Denise Kielholtz vows to claim her crown against Juliana Velasquez at Bellator 262 after years of sacrifice

Denise Kielholtz

Kielholtz aiming to dethrone the undefeated Brazilian (Picture: Bellator MMA)

Denise Kielholtz hopes to crown 23 years of sacrifice when she takes on Juliana Velasquez for the Bellator flyweight title on Friday.

The Dutchwoman is a former kick boxing champion but has demonstrated her rapidly growing skillset since transitioning fully to the world of MMA, winning her last four fights with Bellator to earn herself a title shot.

The 32-year-old still has her lethal kickboxing instincts, as demonstrated by her 43-second knockout win over Great Britain’s Kate Jackson last October, but four submission wins from her six victories in the Bellator cage underline her rapid progress.

Working with head coach Bob Schrijbe, Kielholtz has reinvented herself with the dream of becoming world champion now in sight.

‘The kickboxer is still in me. But now I feel I am a more complete MMA fighter,’ Kielholtz told Metro.co.uk.

‘Maybe four fights ago, I was a kickboxer but also an MMA fighter. When I made the decision to leave kickboxing behind, that was the end. When I made that transition I knew I had to totally focus on MMA and I see myself growing as an MMA fighter – that is why you are seeing more submission wins and my fight style changing.

‘We are now totally in a complete MMA story. Before when I was still kickboxing and using some MMA mixed in, it was like we didn’t really have a plan. Now, we have that plan. And you see in my last four fights, that plan works. And with this plan, I want to be the next world champion.’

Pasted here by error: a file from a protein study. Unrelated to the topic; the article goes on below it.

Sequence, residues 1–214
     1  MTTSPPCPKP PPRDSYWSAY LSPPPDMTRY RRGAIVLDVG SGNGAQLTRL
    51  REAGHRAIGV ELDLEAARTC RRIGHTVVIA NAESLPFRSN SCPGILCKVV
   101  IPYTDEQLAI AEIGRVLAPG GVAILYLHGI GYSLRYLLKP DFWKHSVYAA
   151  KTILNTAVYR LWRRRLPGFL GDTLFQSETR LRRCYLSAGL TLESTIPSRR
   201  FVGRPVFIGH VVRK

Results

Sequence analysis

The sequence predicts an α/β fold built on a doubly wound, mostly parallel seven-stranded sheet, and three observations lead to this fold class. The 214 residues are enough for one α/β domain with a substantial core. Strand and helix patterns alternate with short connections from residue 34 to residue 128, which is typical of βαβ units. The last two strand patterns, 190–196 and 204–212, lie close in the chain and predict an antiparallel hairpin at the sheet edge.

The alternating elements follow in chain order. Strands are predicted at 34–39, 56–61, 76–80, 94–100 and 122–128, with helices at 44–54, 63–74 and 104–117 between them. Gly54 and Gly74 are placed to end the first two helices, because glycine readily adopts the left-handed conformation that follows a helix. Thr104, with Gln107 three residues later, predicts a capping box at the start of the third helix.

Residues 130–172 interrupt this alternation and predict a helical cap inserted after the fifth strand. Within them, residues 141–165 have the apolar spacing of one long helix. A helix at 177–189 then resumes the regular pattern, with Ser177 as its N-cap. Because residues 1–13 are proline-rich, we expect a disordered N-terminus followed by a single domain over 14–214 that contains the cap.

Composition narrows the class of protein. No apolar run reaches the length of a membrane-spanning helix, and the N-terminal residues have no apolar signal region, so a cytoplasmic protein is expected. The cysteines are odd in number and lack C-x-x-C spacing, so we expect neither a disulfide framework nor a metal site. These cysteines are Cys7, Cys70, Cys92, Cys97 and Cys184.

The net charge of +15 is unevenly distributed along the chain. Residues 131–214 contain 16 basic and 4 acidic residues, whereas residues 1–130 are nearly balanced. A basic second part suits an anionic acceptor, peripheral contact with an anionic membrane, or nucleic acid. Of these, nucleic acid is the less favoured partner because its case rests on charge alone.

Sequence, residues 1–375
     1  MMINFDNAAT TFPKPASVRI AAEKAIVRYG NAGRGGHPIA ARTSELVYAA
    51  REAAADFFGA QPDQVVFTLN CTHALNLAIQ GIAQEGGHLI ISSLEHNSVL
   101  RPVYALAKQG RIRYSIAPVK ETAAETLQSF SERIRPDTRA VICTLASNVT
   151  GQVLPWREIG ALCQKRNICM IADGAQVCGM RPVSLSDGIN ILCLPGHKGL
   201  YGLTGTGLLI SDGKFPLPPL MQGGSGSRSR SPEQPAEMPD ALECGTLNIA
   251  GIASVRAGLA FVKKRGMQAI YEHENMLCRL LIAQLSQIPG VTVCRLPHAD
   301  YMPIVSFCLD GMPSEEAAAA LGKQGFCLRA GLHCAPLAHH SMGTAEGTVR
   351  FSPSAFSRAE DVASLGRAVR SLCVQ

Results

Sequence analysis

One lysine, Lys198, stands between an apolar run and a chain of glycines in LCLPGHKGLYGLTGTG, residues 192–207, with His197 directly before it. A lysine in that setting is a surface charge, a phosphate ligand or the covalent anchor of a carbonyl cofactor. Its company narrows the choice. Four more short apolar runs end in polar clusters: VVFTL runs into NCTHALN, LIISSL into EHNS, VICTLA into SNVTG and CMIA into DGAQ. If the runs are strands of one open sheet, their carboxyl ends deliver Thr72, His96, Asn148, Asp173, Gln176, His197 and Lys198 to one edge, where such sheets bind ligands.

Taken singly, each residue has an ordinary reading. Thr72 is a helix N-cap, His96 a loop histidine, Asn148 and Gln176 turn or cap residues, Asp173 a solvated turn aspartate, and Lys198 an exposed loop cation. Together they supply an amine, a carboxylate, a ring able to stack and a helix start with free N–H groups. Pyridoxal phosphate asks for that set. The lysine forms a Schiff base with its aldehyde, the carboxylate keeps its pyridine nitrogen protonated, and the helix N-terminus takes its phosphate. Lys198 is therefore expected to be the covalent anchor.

Kielholtz has emerged from a camp where she went ‘over the limits’ but the intense weeks and months leading into fight week have left her feeling at peace ahead of her clash with Velasquez at the Mohegan Sun Arena in Connecticut.

The fight serves as the realisation of a dream. Having taken up judo at the age of nine, Kielholtz missed out on doing what other girls her age did in back home in Netherlands, training and travelling for competitions, living in a different world to many of her friends.  

Denise Kielholtz

Kielholtz has a 6-2 record (Picture: MMA)

‘When my manager told me I would be the next challenger, I had tears in my eyes,’ she said. ‘When I was nine, I started judo and later started kickboxing. I was not like the normal girls.

‘When I was young, I went to training camps and did things the other girls my age would never do. I only trained. I loved it, it has been the biggest part of my life and always has been.

‘This belt will be the crown of all those years of hard work and all the tears, all the work I did from when I was nine years old. It makes this title so much more special. everything has come together, from judo, to kickboxing and now MMA. This title crowns all those years.

‘Especially when you are a young girl, 13, 14 years old, all the other girls are going out, playing, having a good time. But I always had to train, I couldn’t go out. I can’t go to this party because I have a competition at the weekend. You see a lot of children at that age, the sport is not their life because they still want to do these things with their friends and family.

‘But if you are that young and you already have that motivation, where you leave the parties and go train or fight at a competition, that is how you form yourself as a person. All those sacrifices that I made in my younger years, that is all the dedication and love I have for the sport and that is why I put everything I have into this fight camp and for this crown.’

Kielholtz is aiming to become the first woman to stop Velasquez with the Brazilian on an 11-fight winning streak having dethroned Ilima-Lei Macfarlane last December.

While recognising the size of the task at hand, Kielholtz does not see Velasquez as her toughest opponent to date and believes many of those who have fallen to her southpaw opponent have made life easier for her.

‘You see with the other girls she fought, they were impressed with her fighting style. They made big mistakes. She has never fought someone like me, I’m not impressed by her fighting skills when she is standing on the ground because I already fought a lot of girls like her, girls her size and also southpaws who can hit really hard.

‘Her fighting style is not something new for me. But I think I will be new for her. We will find out how she reacts when she comes up against someone who is not impressed by her.’

Bellator 262: Velasquez v Kielholtz, is live on BBC iPlayer from 10:30pm BST on Friday, July 16

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